Other studies suggest CBD can reduce PTSD symptoms when consumed with THC [6] Bitencourt RM, Takahashi RN. Cannabidiol as a Therapeutic Alternative for Post-traumatic Stress Disorder: From Bench Research to Confirmation in Human Trials. Front Neurosci. 2018;12:502. . When taken together, the two compounds create what’s known as the “entourage effect,” where THC enhances the effects of CBD as CBD tempers the effects of THC, resulting in a more well-rounded experience [7] Ferber SG, Namdar D, Hen-Shoval D, et al. The “Entourage Effect”. Terpenes Coupled with Cannabinoids for the Treatment of Mood Disorders and Anxiety Disorders. Curr Neuropharmacol. 2020;18(2):87-96. .

Some studies also suggest CBD can enhance the effects of exposure therapy—which assists patients in dissociating certain cues with a fear response—and cognitive behavioral therapy [8] Das RK, Kamboj SK, Ramadas M, et al. Cannabidiol enhances consolidation of explicit fear extinction in humans. Psychopharmacology (Berl). 2013;226(4):781-792. [9] Blessing EM, Steenkamp MM, Manzanares J, Marmar CR. Cannabidiol as a Potential Treatment for Anxiety Disorders. Neurotherapeutics. 2015;12(4):825-836. .

How to Use CBD for Anxiety

Without clear FDA guidance, optimal CBD use for anxiety varies from person to person. You may find one method works better for you over another. You can consume CBD in the following forms:

  • Oils and tinctures, which come in dropper bottles and are consumed by mouth
  • Gummies, which are chewable, sweet and often fruit-flavored
  • Sprays, which come in bottles with a nozzle to be sprayed in the mouth
  • Capsules, softgels or tablets, which are taken individually by mouth like a pill
  • Vapes, which heat CBD oil without igniting it, resulting in an inhalable vapor
  • Flowers, which are dried hemp plants that are typically ignited and smoked
  • Creams and gels, which introduce CBD topically (through the skin) as a more localized treatment

You may have to try different forms to determine what works best in addressing your anxiety. For instance, when it comes to the absorption of CBD in your bloodstream, vaping and smoking are more effective than edibles like gummies.

CBD Dosage for Anxiety

You also have to find the right CBD dosage for your anxiety. Experts suggest starting small and working your way up depending on how your body reacts.

Many clinical trials jump right to testing high doses. Successful doses evaluated for anxiety relief specifically include:

  • 600 milligrams in patients with SAD in a speech simulation [10] Bergamaschi MM, Queiroz RH, Chagas MH, et al. Cannabidiol reduces the anxiety induced by simulated public speaking in treatment-naïve social phobia patients. Neuropsychopharmacology. 2011;36(6):1219-1226.
  • 300 milligrams in male patients in a speech simulation [11] Linares IM, Zuardi AW, Pereira LC, et al. Cannabidiol presents an inverted U-shaped dose-response curve in a simulated public speaking test. Revista brasileira de psiquiatria (Sao Paulo, Brazil : 1999). 2019;41(1):9-14.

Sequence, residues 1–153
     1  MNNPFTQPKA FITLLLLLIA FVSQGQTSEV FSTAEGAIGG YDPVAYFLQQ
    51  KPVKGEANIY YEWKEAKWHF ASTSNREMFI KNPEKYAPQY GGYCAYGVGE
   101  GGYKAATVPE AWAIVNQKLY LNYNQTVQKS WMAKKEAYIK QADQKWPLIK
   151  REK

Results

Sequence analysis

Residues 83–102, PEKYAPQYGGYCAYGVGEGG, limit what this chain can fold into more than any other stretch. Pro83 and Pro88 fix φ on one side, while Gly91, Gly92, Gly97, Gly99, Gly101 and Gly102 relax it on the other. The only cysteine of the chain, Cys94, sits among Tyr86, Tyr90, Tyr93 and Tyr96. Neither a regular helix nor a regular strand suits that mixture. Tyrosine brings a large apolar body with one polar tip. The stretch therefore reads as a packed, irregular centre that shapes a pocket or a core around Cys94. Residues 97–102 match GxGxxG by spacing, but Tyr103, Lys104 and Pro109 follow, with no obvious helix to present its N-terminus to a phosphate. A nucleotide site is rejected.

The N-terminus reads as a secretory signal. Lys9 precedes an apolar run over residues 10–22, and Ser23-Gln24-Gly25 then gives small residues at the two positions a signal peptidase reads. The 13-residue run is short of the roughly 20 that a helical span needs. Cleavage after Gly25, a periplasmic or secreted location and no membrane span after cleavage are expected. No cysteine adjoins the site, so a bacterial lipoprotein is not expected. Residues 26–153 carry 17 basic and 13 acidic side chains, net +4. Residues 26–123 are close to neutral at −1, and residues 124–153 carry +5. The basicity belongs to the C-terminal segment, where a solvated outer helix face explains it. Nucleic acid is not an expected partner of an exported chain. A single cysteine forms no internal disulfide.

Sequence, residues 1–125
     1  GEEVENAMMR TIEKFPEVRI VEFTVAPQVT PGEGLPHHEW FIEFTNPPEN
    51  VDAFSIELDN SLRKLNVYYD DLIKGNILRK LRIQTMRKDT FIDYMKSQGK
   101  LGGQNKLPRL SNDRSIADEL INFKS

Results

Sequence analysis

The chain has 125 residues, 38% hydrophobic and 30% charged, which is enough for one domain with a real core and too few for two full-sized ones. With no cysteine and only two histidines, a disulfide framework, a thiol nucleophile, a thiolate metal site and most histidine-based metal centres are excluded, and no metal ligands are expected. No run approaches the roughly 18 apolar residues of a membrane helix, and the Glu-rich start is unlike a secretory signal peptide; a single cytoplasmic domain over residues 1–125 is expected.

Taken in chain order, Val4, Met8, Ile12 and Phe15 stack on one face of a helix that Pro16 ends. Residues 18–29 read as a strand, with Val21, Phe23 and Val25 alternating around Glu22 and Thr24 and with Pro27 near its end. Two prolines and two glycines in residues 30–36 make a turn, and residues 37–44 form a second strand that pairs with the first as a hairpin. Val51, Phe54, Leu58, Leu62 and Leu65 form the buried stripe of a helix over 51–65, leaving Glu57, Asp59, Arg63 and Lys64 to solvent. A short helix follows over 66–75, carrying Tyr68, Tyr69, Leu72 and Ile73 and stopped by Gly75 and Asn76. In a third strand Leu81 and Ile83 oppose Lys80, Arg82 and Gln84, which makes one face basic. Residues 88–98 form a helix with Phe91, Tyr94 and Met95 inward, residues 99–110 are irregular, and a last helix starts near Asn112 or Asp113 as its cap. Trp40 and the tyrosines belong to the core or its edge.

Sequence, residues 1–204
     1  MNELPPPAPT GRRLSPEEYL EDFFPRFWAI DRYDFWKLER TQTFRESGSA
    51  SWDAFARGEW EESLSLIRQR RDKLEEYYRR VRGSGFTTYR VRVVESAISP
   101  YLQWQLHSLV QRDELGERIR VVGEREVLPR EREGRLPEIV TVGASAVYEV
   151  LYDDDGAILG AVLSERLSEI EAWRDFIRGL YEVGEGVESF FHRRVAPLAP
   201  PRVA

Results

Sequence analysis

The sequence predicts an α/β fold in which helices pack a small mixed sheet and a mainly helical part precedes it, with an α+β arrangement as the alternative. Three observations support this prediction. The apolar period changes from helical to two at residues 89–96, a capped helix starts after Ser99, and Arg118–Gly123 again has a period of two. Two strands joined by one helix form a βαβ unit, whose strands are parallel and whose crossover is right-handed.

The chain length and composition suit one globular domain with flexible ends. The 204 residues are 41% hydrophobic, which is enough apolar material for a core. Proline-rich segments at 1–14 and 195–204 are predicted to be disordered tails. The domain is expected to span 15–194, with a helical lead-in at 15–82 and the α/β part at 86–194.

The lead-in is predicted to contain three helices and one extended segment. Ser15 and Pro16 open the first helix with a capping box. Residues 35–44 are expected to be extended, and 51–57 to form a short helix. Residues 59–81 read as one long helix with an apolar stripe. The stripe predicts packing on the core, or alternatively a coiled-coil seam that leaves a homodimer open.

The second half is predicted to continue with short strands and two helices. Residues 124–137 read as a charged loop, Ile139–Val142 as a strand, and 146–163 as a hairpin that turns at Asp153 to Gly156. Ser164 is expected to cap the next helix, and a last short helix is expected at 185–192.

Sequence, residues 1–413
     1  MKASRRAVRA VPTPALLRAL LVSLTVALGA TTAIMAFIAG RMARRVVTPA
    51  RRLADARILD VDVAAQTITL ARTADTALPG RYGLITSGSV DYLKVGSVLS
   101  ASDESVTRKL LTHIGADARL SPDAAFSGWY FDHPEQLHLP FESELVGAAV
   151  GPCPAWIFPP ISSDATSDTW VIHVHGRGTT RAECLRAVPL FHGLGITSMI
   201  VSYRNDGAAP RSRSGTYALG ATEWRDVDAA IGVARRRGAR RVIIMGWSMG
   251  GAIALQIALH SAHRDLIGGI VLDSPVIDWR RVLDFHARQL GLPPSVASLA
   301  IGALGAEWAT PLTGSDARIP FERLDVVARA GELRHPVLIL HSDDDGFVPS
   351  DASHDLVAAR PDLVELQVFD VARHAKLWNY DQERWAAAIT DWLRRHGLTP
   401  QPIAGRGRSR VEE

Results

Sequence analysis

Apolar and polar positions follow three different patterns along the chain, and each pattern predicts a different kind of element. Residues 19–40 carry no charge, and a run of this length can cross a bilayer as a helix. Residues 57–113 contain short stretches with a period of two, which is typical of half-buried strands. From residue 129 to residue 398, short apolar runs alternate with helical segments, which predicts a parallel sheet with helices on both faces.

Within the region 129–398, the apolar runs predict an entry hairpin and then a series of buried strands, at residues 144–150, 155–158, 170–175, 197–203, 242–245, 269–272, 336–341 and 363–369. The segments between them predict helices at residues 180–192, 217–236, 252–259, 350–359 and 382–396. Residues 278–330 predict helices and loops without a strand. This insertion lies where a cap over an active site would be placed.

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However, other trials suggest much lower doses are also quite effective in treating anxiety.

  • 25 to 75 milligrams for generalized anxiety and/or sleep problems [12] Shannon S, Lewis N, Lee H, Hughes S. Cannabidiol in Anxiety and Sleep: A Large Case Series. Perm J. 2019;23:18-041.
  • 33 to 49 milligrams a day for PTSD, in addition to routine psychiatric treatment [13] Elms L, Shannon S, Hughes S, Lewis N. Cannabidiol in the Treatment of Post-Traumatic Stress Disorder: A Case Series. J Altern Complement Med. 2019;25(4):392-397.

Another study involving hundreds of patients noted success with doses from 40 milligrams to 300 milligrams a day, further supporting the idea that CBD dosage varies significantly, depending on a person’s symptoms and physiology.

Potential Risks and Side Effects

The World Health Organization deems CBD a safe and generally well-tolerated substance. Studies report very few adverse effects, if any.

However, taking CBD while on other medications may pose a risk, as these substances may interact and cause unwanted effects, such as weight gain, drowsiness, upset stomach and change in appetite.

Cheryl Bugailiskis, M.D., a cannabis specialist at Heally, a telehealth platform for alternative medicine, also warns people with preexisting liver injuries and people taking medications that can cause liver injuries should practice caution when using CBD.

Does CBD Help With Anxiety?

It’s likely that in the last few years, you’ve come across a lot of discussion and anecdotes about cannabidiol, also known as CBD. Availability and sales of CBD have exploded across the U.S. since it became legalized on the federal level and is now legal in most states.

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You can find CBD on shelves in many stores, with various brands promoting benefits that range from alleviating pain to aiding sleep. It also comes in many forms like CBD gummies, CBD oils, CBD lotions and even CBD-infused sodas. And one big claim CBD supporters tout is its ability to relieve anxiety, a feeling many of us have experienced over the last few years thanks in part to the COVID-19 pandemic.